In the years just after the American Revolution, the tiny mountainous island of Haiti was seething with unrest. A colony of France in those days, it had half a million Negro slaves and fewer than 40,000 whites.
Brutally, the French planters beat their black slaves, forcing them to work from dawn to dusk in the cane fields, driving them to starvation and utter misery.
Then into the foreground came a small misshapen figure of a man wearing a yellow turban—Toussaint Louverture, the grandson of an African chieftain. Among the oppressed and tortured mass he was one of the few slaves of Haiti who was acquainted with the affairs of history and dedicated to the rights of man. At first the French ridiculed him ad "the monkey in the yellow turban" but soon they realized this little man was in reality a giant of intellect and leadership.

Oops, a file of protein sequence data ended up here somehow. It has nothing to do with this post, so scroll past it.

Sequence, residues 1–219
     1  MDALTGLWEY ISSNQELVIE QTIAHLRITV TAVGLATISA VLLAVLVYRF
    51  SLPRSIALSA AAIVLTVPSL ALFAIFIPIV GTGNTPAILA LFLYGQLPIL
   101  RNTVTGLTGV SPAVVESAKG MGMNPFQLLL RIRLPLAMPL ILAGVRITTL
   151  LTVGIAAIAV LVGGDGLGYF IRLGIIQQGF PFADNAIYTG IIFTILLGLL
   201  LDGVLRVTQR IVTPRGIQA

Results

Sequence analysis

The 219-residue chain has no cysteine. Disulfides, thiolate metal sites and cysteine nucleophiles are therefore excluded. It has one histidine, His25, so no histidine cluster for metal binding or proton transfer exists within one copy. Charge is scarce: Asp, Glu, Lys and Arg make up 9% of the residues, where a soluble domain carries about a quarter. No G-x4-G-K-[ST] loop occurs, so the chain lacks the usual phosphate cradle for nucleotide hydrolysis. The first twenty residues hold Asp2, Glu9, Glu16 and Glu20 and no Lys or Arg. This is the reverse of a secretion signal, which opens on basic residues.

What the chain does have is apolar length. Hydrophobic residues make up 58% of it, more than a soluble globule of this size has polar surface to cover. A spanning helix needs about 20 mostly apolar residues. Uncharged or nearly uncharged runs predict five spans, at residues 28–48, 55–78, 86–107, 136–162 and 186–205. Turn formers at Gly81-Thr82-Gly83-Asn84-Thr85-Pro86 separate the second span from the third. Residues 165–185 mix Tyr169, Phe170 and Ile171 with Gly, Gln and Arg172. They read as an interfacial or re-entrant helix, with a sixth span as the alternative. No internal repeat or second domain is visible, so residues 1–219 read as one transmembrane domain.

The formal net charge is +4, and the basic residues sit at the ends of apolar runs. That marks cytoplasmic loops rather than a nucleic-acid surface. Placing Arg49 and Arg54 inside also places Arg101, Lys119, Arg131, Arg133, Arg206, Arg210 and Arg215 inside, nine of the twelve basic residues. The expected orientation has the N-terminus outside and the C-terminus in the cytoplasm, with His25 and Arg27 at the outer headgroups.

Vividly and dramatically, Katherine Scherman tells the story in The Slave Who Freed Haiti.
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